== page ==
Lytro, the once consumer-facing light field camera company which has recently pivoted to create high-end production tools, has announced a light field rendering software for VR that essentially aims to free developers from the current limitations of real-time rendering. The company calls it ‘Volume Tracer’.

Light field cameras are typically hailed as the next necessary technology in bridging the gap between real-time rendered experiences and 360 video—two VR content types that for now act as bookends on the spectrum of immersive to less-than-immersive virtual media. Professional-level light field cameras, like Lytro’s Immerge prototype, still aren’t yet in common use though, but light fields aren’t only capable of being generated with expensive/large physical cameras.

The company’s newest software-only solution, Volume Tracer, places multiple virtual cameras within a view volume of an existing 3D scene that might otherwise be expected to be rendered in real-time. Because developers who create real-time rendered VR experiences constantly fight to hit the necessary 90 fps required for comfortable play, and have to do so in a pretty tight envelope—both Oculus and HTC agree on a recommended GPU spec of NVIDIA GTX 1060 or AMD Radeon RX 480—the appeal of graphics power-saving light fields is pretty apparent.

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Lytro breaks it down on their website, saying “each individual pixel in these 2D renders provide sample information for tracing the light rays in the scene, enabling a complete Light Field volume for high fidelity, immersive playback.”

According to Lytro, content created with Volume Tracer provides view-dependent illumination including specular highlights, reflections, refractions, etc; and is scalable to any volume of space, from seated to room-scale sizes. It also presents a compelling case for developers looking to eke out as much visual detail as possible by hooking into industry standard 3D modeling and rendering tools like Maya, 3DS Max, Nuke, Houdini, V-Ray, Arnold, Maxwell, and Renderman.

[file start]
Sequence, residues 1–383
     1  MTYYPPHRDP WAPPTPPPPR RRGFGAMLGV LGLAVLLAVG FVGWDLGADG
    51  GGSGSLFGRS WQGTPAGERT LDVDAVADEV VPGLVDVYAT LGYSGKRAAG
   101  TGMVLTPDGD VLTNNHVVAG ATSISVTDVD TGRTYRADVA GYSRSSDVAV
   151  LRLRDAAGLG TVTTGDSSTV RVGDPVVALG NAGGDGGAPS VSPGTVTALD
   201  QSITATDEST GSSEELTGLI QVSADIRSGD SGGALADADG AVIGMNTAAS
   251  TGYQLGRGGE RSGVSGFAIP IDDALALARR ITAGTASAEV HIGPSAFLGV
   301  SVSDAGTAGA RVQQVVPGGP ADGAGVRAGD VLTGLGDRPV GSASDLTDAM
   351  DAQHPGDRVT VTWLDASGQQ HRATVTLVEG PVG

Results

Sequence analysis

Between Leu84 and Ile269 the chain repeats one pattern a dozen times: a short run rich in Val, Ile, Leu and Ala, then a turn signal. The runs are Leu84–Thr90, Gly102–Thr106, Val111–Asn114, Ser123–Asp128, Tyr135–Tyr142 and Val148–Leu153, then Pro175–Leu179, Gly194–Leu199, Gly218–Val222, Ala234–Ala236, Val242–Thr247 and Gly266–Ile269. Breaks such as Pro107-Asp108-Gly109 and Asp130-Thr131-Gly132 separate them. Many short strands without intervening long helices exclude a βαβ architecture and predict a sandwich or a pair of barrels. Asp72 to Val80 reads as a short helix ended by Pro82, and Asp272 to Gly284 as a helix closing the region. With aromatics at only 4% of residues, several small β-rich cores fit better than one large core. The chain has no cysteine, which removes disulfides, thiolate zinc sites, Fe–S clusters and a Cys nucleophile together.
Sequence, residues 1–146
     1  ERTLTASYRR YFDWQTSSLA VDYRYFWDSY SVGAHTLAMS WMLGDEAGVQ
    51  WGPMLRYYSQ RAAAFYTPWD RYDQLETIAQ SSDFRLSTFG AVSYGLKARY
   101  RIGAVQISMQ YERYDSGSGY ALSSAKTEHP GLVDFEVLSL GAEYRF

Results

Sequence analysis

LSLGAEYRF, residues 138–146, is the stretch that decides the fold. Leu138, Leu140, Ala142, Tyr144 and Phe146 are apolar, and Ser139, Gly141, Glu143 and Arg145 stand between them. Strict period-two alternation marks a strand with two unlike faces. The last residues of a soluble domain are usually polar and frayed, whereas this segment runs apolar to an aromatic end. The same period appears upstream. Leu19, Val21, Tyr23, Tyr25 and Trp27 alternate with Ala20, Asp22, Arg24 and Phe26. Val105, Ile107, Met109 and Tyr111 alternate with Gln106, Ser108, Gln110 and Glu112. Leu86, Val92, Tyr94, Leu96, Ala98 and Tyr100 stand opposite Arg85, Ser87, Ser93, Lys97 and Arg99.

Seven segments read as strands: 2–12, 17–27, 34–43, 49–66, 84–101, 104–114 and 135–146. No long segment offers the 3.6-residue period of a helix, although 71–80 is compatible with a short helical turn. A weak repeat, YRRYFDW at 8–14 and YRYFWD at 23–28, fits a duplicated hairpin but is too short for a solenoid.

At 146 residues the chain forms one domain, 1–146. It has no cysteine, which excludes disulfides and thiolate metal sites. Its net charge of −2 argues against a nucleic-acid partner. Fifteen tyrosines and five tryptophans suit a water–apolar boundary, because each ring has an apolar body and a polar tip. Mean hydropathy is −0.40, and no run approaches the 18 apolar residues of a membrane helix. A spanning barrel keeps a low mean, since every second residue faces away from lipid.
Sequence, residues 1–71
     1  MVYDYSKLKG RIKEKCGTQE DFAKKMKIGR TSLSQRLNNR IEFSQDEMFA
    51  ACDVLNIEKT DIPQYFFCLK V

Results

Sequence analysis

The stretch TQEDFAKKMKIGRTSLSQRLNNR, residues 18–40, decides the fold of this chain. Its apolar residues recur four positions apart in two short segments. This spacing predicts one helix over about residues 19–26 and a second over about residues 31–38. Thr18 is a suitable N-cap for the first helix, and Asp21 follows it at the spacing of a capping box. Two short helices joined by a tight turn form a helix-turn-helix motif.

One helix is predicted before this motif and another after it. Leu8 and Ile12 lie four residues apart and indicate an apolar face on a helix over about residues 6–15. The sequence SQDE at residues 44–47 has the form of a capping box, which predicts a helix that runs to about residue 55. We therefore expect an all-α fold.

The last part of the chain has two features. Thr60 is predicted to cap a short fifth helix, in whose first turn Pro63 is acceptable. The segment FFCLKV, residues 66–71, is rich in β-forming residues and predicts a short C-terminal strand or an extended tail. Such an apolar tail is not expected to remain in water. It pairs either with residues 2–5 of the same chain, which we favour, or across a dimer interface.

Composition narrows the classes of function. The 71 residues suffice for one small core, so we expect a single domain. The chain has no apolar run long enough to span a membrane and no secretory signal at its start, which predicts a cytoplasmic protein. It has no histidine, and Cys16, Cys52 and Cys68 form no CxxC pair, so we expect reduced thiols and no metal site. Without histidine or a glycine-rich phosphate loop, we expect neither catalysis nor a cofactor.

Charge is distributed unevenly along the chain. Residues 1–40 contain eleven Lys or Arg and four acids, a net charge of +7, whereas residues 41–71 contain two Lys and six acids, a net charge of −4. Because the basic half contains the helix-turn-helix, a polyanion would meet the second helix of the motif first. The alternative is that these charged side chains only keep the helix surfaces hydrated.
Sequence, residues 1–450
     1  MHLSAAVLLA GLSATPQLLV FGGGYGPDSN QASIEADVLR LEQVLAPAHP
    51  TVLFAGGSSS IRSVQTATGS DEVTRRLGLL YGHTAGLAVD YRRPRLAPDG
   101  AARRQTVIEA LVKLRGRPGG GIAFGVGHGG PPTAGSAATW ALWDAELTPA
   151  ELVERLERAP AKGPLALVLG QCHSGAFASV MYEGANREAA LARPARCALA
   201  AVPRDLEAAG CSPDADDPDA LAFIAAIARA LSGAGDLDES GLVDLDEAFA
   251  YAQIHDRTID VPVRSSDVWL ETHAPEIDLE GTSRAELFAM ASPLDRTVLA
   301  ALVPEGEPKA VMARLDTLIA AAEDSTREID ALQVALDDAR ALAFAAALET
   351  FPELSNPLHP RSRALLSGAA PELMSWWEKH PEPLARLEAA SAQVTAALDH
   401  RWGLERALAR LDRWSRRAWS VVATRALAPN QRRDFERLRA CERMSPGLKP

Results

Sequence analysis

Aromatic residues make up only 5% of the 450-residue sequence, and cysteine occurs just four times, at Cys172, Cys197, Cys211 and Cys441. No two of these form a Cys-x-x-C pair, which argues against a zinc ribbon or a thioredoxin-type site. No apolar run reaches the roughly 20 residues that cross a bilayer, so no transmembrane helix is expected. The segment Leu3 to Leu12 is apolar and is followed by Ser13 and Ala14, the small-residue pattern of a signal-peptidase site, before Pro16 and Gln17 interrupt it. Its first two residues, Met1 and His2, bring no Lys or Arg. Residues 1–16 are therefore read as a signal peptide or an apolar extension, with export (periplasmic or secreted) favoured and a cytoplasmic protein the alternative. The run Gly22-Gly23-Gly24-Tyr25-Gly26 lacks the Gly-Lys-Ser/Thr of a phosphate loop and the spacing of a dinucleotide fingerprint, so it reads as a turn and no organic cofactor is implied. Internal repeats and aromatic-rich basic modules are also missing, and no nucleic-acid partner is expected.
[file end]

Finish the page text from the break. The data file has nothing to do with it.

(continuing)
Real-time playback with positional tracking is also possible on Oculus rift and HTC Vive at up to 90 fps refresh rate.

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One Morning, an animated short directed by former Pixar animator Rodrigo Blaas that tells the story of a brief encounter with a robot bird, was built on the Nimble Collective, rendered in Maxwell, and then brought to life in VR with Lytro Volume Tracer.

“What Lytro is doing with its tech is bringing something you haven’t seen before; it hasn’t been possible. Once you put the headset on and experience it, you don’t want to go back. It’s a new reality,” said Blaas.

Volume Tracker doesn’t seem to be currently available for download, but keep an eye on Lytro’s site and sign up for their newsletter for more info.

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Well before the first modern XR products hit the market, Scott recognized the potential of the technology and set out to understand and document its growth. He has been professionally reporting on the space for nearly a decade as Editor at Road to VR, authoring more than 3,500 articles on the topic. Scott brings that seasoned insight to his reporting from major industry events across the globe.
  • Mac

    Looks very cool. I’m curious about reflective materials using this technology. Would the specular highlights and reflections dynamically shift with your changing viewpoint?

    • Ian Shook

      Yes – that’s basically one of the benefits of light-fields is that it can allow for this.

    • David Herrington